From Library Journal
A historian with the South Carolina Department of Archives and History, Power has written an excellent study of life in the Army of Northern Virginia in the Civil War's final year. The result is an outstanding example of the new military history similar in type and quality to Reid Mitchell's Civil War Soldiers (LJ 9/15/88) and James McPherson's For Cause and Comrades (LJ 3/15/97). Exhaustively researched, this revised doctoral dissertation is based on a wide variety of letters and diaries drawn from manuscript sources throughout the Confederate South. In chronological fashion, Power traces the men's cautious optimism after the Wilderness campaign, where soldiers wrote of "high spirits," to the rampant despair of the spring of 1865. Power covers the standard topics: morale, rations, home front, and the like. His very well-written book gives readers a you-are-there experience, and the final chapter is a superb historiographical overview of recent titles in the field. A final note on the title: Victor Hugo's classic had just been translated into English when some of Lee's more literate soldiers adopted the title to suit their own situation.?Stephen G. Weisner, Springfield Technical Community Coll., MA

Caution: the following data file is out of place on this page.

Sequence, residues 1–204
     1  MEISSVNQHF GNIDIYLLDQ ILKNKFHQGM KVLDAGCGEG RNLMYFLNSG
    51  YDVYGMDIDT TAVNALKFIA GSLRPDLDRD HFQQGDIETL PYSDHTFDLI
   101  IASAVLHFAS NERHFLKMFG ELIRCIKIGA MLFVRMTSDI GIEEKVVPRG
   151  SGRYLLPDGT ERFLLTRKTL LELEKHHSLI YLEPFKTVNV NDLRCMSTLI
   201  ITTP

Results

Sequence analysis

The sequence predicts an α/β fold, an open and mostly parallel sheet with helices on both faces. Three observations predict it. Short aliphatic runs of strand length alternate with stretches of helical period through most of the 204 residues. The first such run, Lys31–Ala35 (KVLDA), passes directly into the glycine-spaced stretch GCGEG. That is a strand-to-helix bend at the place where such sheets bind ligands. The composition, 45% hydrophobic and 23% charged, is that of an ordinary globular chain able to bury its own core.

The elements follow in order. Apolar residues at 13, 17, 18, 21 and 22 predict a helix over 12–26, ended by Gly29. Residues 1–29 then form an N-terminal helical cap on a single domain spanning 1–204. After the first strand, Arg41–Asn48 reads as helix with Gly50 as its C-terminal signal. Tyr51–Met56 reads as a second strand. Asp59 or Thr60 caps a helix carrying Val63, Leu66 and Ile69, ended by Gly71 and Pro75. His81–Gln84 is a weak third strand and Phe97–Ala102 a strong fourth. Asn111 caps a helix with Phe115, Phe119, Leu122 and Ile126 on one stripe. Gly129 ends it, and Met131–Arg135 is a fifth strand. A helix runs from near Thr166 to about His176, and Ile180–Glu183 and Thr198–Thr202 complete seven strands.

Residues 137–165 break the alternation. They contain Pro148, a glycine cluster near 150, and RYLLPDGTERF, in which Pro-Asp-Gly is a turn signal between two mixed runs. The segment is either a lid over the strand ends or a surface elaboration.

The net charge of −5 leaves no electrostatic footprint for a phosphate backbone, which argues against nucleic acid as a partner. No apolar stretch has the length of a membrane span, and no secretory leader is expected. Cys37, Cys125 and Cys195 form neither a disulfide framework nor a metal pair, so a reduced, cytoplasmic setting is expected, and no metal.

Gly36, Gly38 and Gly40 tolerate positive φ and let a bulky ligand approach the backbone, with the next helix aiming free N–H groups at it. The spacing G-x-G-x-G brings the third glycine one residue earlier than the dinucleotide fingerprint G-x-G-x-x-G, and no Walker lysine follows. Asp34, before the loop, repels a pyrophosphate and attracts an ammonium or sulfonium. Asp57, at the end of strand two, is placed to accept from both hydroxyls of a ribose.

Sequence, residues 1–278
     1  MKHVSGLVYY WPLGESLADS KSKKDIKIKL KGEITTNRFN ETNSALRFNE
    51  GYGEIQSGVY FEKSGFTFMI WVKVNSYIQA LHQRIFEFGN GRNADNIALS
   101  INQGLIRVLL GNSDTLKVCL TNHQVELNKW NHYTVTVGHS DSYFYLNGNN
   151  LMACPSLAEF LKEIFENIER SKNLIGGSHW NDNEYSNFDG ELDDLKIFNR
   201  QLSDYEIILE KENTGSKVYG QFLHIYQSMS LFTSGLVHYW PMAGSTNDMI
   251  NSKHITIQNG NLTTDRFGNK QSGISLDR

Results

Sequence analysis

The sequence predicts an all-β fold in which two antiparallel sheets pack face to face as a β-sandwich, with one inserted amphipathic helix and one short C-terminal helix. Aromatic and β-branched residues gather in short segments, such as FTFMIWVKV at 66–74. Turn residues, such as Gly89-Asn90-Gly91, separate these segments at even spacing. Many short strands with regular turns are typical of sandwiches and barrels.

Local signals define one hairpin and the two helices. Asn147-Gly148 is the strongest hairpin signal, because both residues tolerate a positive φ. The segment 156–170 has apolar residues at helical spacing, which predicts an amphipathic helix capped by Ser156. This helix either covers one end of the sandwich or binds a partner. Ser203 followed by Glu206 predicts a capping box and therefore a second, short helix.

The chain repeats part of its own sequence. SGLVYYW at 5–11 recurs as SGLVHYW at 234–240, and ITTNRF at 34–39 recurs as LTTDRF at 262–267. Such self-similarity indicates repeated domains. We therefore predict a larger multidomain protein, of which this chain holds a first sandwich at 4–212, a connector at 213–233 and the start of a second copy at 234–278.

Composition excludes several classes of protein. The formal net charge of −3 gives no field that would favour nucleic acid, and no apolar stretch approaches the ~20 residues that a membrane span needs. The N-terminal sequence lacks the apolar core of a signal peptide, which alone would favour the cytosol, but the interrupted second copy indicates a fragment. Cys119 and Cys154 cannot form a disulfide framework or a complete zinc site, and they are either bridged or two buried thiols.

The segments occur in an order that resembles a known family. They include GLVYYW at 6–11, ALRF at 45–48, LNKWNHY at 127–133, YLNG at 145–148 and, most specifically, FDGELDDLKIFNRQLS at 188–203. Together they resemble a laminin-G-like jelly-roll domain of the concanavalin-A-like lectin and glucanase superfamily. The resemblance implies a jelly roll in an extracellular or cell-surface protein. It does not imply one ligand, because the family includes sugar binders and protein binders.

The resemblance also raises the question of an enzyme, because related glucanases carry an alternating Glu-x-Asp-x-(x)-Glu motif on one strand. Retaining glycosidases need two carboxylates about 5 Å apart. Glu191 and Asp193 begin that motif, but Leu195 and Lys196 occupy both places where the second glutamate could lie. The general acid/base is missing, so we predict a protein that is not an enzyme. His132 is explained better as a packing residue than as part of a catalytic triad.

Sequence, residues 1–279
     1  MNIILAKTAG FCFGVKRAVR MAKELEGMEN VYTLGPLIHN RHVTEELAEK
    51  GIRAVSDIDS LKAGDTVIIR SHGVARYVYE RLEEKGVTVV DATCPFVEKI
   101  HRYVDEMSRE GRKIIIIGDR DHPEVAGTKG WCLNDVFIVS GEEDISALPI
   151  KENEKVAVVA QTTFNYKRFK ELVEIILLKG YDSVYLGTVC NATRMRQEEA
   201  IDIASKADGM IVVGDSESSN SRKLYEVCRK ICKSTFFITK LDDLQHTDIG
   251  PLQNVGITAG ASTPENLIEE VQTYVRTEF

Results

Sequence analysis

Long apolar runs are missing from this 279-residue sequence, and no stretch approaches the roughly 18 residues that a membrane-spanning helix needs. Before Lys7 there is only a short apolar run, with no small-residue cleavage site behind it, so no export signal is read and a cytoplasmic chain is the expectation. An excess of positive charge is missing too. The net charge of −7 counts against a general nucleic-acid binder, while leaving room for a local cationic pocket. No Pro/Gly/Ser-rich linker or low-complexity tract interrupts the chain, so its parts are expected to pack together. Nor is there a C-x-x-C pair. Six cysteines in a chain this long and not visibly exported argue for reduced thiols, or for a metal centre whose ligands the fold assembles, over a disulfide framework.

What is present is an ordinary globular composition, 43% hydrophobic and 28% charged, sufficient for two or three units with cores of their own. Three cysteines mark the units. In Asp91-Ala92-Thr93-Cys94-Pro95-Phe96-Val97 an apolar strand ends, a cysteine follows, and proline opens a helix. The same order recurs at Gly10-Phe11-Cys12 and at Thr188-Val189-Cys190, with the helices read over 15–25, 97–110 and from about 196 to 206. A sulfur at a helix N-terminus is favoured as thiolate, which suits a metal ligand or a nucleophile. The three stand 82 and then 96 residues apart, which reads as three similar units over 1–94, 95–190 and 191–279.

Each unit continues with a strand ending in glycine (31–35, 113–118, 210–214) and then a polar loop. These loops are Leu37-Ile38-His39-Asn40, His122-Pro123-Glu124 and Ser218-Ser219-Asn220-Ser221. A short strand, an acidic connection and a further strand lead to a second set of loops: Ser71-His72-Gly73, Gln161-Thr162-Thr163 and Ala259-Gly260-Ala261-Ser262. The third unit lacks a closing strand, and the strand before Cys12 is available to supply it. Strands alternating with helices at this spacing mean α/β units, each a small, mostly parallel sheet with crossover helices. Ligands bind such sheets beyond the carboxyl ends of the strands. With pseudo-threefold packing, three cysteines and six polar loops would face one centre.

Copyright 1998 Reed Business Information, Inc.
In an exceedingly solid volume, Power depicts the Army of Northern Virginia during its last year. His portrait is based in thorough study of the correspondence of hundreds of officers and enlisted men, far too many of whom did not survive the fighting, poor medical care, disease, and sheer starvation that together hammered Lee's army down to the shadow of itself that surrendered at Appomattox. The letters discussed every possible aspect of the soldiers' existence, with the usual nineteenth-century exception of their sex lives. As Power cites them, they movingly indicate the continued devotion of so many Confederates to their increasingly doomed cause, and they are frank about the extent to which declining morale, straggling, and outright desertion set in toward the end of 1864. Although casual Civil War buffs may find Power's work somewhat daunting, serious students of the conflict will find it thoroughly compelling. Roland Green